Off-the-scale impressive with a chunky €270 bottle price tag to match (one of most expensive in the region). It also has the curious honour of being vinified in 150% new wood, where after fermentation in 100% new barrels, 50% is re-fermented again in new oak. The juice comes from a blend of Tempranillo (80%) and Cab Sauv and Merlot, from 80-100 year old low density bush vines at 840m altitude. The wine is aged for 20 months. The nose is profound and amazingly powerful – in the mouth it is big, smooth, voluptuous with a stony texture and a nice citrus centre. A really big, fleshy, dense powerhouse of a wine. (City Wine Collection)

Mirum, Bodegas Valdaya, 2016

A future superstar of Ribera Del Duero- (uncertified) organic, high altitude, a mix of wood ages and formats, 35% vinified in concrete. It has all the characteristics you’d expect from 100% Tempranillo, except it’s fantastically refreshing (and that with 14.5% ABV!) (Bancroft)

Dominio de Atauta, 2015

100% Tempranillo from the best old vines (120-160 year old) in 25 different vineyards at 1000m altitude, aged for 16 months in a variety of French aged oak. After a nose which is all about the crushed rock you get a wonderful chalky texture which comes from the calcareous soils, the mouthfeel is full and quite rounded – a reflection of the hot 2015 vintage – but not as much as you might expect from a 15% ABV. Bit closed and tannic but delicious still. (Boutinot)

Finca Los Quemados, Goyo García Viadero, 2016

The only really ‘natural wine’ in the selection tastes very different indeed – black fruit, liquorice on the nose and a powerful but fresh blood orange the dominant flavour. 100% Tempranillo grown on red clay soils, unfixed and unfiltered. Unusual, very different, but an interesting change from the run-of-the-mill Riberas. (Raeburn)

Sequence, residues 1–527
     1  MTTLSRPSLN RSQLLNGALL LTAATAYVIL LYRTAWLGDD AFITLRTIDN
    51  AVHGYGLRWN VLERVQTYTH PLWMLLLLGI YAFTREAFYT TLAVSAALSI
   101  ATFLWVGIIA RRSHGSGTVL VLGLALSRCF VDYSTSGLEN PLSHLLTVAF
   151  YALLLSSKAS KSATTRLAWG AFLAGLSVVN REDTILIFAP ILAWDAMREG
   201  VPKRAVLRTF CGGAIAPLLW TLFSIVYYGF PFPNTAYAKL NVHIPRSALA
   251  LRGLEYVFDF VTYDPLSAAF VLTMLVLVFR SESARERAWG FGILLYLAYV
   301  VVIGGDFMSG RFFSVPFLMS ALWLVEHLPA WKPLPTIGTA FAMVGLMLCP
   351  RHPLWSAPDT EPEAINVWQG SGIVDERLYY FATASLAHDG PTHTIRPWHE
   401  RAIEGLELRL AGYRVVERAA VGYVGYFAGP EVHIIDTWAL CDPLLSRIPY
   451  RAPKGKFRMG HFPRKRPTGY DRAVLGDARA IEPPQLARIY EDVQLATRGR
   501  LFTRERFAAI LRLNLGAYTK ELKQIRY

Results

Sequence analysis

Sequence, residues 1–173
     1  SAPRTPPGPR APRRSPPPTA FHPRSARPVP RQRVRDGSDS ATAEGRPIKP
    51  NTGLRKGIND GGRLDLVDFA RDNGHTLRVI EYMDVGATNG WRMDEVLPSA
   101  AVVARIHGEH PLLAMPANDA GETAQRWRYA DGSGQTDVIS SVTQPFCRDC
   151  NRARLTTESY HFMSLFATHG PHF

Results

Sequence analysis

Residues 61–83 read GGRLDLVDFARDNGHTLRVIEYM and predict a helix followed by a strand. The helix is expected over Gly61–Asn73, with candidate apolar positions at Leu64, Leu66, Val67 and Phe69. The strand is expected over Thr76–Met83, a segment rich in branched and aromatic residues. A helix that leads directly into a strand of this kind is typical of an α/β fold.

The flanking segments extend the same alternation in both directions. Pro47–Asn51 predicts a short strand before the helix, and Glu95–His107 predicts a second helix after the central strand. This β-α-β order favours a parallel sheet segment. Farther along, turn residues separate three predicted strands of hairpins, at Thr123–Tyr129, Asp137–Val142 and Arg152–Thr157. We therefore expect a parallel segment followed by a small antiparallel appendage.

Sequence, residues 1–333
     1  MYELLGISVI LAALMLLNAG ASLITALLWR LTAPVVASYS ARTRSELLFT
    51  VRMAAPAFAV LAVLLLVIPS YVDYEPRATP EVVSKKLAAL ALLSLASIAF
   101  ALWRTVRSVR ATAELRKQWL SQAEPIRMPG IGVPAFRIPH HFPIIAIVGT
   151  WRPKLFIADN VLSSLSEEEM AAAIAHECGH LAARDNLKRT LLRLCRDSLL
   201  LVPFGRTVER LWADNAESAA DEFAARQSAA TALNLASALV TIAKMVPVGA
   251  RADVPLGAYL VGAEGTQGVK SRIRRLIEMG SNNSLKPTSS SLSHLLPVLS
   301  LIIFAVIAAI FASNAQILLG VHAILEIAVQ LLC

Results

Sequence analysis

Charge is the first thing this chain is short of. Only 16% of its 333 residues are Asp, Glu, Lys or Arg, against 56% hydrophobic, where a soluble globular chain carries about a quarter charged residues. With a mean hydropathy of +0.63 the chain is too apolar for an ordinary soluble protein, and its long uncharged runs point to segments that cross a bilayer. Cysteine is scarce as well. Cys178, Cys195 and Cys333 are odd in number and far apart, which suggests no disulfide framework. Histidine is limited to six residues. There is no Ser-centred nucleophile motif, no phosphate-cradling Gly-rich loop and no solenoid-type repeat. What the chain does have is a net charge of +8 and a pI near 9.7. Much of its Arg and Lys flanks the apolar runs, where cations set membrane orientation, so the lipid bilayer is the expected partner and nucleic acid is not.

Corimbo I, Bodegas La Horra, Reserva, 2013

A bad (and current) vintage but you wouldn’t have guessed – the aromas are delicious and draw you in, there are very dry tannins at the core and a pleasing dry stone texture. It’s fresh, with lively acidity, the wine feels lighter than the 14% ABV and there’s a sweet edge that comes from the 20% American oak (80% French) that the wine has been aged in for 16 months, following fermentation in large oak vats. (Mentzendorff)

Juegabolos, Valderiz, 2015

This is the top single vineyard wine from the region’s organic pioneer, the juice coming from 30 year old vines. Natural yeasts, malolactic fermentation in oak barrels and then 22 months of oak barrel ageing (80% French). The tannins for this were mouth-puckering, the oak not so well integrated in my mind with a creaminess coming from the 20% American oak. Maybe this is a reflection of difficulties with the hot vintage of 2015 or else the wine just needs a lot more time in bottle. (Great Wine Estates)

Valsotillo Finca Buenavista, Bodegas Ismael Arroyo, 2014

Vines are 850m high, goblet pruning, 50/50 French and American oak barrel-ageing. Great balance to the wine and good integration of the oak, nose was a bit dumb but delicious blue/ black fruit flavours. (Boutinot)

Viña Magna, Dominio Basconcillos, Reserva, 2014

People said that 980m was a “crazy” height for the vines that help make this wine, especially for getting the 10% Cab Sauv to ripen. These are 80 year-old vines on clay-calcareous and loamy-sandy soils. Aged for 24 months in new French oak. Creaminess and bit of sweetness from the oak, notes of fresh herbs and a twist of tobacco. Quite woody and massive length – really made for drinking in 10 years time. (seeking representation)

Yotuel Finca La Nava, Bodegas Y Viñedos Gallego Zapatero, 2014

A relative newcomer, this winery being set up in 1996, hand harvested 20 year old Tempranillo, natural yeasts, macerated for 16 days with malolactic in French oak where the juice remains for 14 months. The nose was quite dumb on the day but the wine shows massive potential – lovely texture, very fresh and balanced between the acidity and the lovely long flavours of black fruit. (seeking representation)